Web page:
Karpff, the portraitist of Empress Josephine returns to Colmar4 min read
We knew Jean-Jacques Karpff as portraitist in drawings and miniatures.
The recently expanded Unter-Linden Museum in Colmar offers a unique platform for nearly 80 works from various collections of the city’s native artist. Reflection of a work relatively little prolix in quantity and largely unknown today, evolving between neoclassicism and romanticism, between fine arts and applied arts.
The phenomenon of the miniature is very popular in the market places of Paris and London art for thirty years.
A themed exhibition where we advance in time so his contribution with the Decorative Arts, and a final part on the physiognomy of the adornment of male and female costumes. An epilogue proposed in an adjacent space of contemporary artists attracted by the work of the miniature, especially porcelain.
A workshop of the miniaturist painter Jean-Baptiste Jacques Augustin illustrates the typical work tool for a miniaturist. It is presented with its rack-and-pinion desk, its indispensable binocular loupe, its often ivory support and its set of pigment variations that will brighten these works focused on detail. Sayings of his other contemporaries are also presented such as Pierre-Louis Bouvier, Jean-Baptiste Isabey, Louis-Léopold Bailly or Jean-Baptiste-Jacques Augustin.
Two works by contemporaries of Karpff: Jean-Baptiste Isabey (1767-1855). Paris, Louvre Museum / Jean-Baptiste-Jacques Augustin (1759-1832). Paris, Louvre Museum (Photo credits: Unter-Linden Museum).
The artistic situation of Colmar before the Revolution is presented in the introduction.
It is a viticultural and agricultural city of 13,000 inhabitants, which opens quickly to the industry of the Indianization. After the end of the prohibition of printed fabrics in France (1759), Alsatian manufactures developed thanks to the support of the Swiss and German financial centers.
Lacking local artists, they appeal to cartoonists and writers from elsewhere: this is how the Parisian artists Bonaventure Lebert and Philippe de Saint-Quentin, established in Colmar, will play a determining role
in the artistic apprenticeship of young Karpff, put in touch at a young age by miniaturism.
A typical example of Indian “Views and sites of the Valley of Munster in Alsace” by Karpff and Lebert, printed by Haussmann and is not, once is not custom, a miniature because it is an assembly of 10 pieces for a surface of 199 x 237 cm while the average dimensions of a miniature are 30 x 20 cm (Photo credit: Unter-Linden Museum).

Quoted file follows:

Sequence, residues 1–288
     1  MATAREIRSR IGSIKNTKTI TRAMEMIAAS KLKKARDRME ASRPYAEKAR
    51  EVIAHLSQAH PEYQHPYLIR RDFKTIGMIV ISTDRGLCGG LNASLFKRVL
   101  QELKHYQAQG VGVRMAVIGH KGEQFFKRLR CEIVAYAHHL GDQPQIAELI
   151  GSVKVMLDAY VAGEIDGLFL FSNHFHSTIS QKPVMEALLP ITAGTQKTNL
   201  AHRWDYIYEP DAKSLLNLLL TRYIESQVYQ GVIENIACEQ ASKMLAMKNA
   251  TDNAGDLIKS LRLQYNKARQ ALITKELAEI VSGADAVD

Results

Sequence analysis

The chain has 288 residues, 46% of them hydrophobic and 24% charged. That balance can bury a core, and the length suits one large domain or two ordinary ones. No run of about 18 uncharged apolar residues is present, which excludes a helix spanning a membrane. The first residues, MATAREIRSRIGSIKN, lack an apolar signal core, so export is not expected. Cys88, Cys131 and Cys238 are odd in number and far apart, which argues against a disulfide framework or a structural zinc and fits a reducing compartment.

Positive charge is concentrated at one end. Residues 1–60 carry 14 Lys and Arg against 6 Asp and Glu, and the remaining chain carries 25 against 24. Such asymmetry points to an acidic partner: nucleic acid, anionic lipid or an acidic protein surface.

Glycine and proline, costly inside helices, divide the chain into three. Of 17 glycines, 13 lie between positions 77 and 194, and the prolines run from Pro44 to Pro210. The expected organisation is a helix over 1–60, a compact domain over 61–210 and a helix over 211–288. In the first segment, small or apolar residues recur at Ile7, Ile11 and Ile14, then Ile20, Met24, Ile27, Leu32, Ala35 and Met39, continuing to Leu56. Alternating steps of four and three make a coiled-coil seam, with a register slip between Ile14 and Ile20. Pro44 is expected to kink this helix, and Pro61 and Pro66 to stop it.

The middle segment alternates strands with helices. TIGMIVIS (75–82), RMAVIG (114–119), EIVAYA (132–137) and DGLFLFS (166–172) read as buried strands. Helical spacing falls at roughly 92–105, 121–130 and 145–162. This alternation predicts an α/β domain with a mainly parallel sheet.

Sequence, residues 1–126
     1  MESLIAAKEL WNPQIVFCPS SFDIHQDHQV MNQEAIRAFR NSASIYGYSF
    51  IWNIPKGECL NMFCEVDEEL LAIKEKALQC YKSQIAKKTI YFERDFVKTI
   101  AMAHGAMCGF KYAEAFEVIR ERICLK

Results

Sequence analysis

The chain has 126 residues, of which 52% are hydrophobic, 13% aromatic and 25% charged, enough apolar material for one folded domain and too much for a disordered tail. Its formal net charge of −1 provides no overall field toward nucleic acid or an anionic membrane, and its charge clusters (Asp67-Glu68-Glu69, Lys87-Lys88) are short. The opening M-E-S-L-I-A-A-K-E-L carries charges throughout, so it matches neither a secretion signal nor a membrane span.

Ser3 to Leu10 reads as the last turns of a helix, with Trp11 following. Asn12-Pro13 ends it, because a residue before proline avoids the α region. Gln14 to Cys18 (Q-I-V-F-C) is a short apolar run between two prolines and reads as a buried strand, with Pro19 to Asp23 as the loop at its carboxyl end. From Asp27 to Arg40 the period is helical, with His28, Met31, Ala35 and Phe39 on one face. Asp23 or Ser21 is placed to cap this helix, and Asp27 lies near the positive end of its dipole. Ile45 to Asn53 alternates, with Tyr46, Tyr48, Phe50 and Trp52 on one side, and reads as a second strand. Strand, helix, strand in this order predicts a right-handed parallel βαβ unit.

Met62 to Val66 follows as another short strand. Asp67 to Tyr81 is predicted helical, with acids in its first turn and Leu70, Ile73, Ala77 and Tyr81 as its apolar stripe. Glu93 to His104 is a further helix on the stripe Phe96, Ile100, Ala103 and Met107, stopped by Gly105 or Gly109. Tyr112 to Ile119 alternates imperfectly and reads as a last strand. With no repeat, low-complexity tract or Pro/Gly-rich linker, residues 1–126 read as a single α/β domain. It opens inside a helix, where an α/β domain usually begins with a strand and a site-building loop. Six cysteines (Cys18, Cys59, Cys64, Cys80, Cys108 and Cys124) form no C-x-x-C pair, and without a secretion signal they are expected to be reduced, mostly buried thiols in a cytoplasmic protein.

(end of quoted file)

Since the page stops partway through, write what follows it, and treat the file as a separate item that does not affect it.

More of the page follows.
A course that had a first period in Paris as a student after receiving training in Paris from Jacques-Louis David until the end of 1793, he also considered that “we could not
push further the art of drawing. It is thanks to this spawn of the Arts that he will try himself to the academic nude (says the “academies”) and who will have like nickname near his comrades nickname of “Casimir”, pseudonym by which he will sign some of his works . This first Parisian was held under good hospices for young Jean-Jacques since it will have the privilege of being hosted by the Count of Narbonne-Lara in the Palace of Luxembourg.
A comparison of drawings of this post-revolutionary era with this example of academy by Anne-Louis Girodet, “Academy of Seated Man” (1793) / the drawing “The freedom crowning the people” of Karpff (1794) (Photo credits : Unter-Linden Museum).
Back in Colmar between 1793 and 1806, he became a citizen artist since he contributed to artistic works to the glory of this nascent republic and where he taught in the Central School of Colmar which emerge a few students who made a career in Art including a cantor of Alsatian lithography Martin Rossbach or Jean-Etienne Decker, established later in Austria.
During his Alsatian period, Karpff also devotes himself to portraits drawn and often enhanced with gouache.
This talent for portraiture assures him a regional fame which offers him the opportunity to meet the Empress Josephine in Strasbourg in 1805, to whom will be commissioned a portrait which knew several retouches before being presented at the Paris Salon of 1808 and who will have a pretext for a return to Paris where he will remain until the end of his life, after establishing himself at the poetess Victoire de Babois.
Instead, he will strive to focus on his miniaturist career representing elements of nuclear family and focusing particularly on the physiognomic details of these characters will push to the extreme accuracy in the expression of the face his models, symbol of a feat worthy of a goldsmith at the sight of the already narrow dimensions of his achievements.
It contains portraits in Indian ink representing the family of Reiset, one of the largest sponsors of the artist, precursor in the field of streaking.
Symbolic miniatures of the Parisian climax of Karpff representing the Reiset Children (1818) / “Portrait of a woman in the veil” (1815) (Photo credits: Unter-Linden Museum).
A beautiful evolution in the rendering of the artist’s facial expression between Karpff and his Pastel Self-Portrait (1793 or 1794) / “Portrait of Dr. Morel” (1799) / “Portrait of a man of three quarters to the right”, one of the most expressive portraits painted by Karpff, where the technique of streaking is present (around 1800-1810) (Photo credit: Unter-Linden Museum).
Karpff and the myth of Ossian
The themes of inspiration evolve and the mythological subjects take a place of choice in the miniatures of Karpff. The artist falls under the spell of the epic Ossian, Scottish bard of the 3rd century, who is the author of Gaelic poems, translated and published for the first time by James Macpherson between 1760 and 1763. The poems of Ossian exalt the sublime purity of nature, a primitive and northern antiquity whose novelty seduces many followers of David.
“The last hymn of Ossian”, Karpff (1812).
Jean-Jacques Karpff – “Aim for the sublime”
From March 18 to June 19, 2017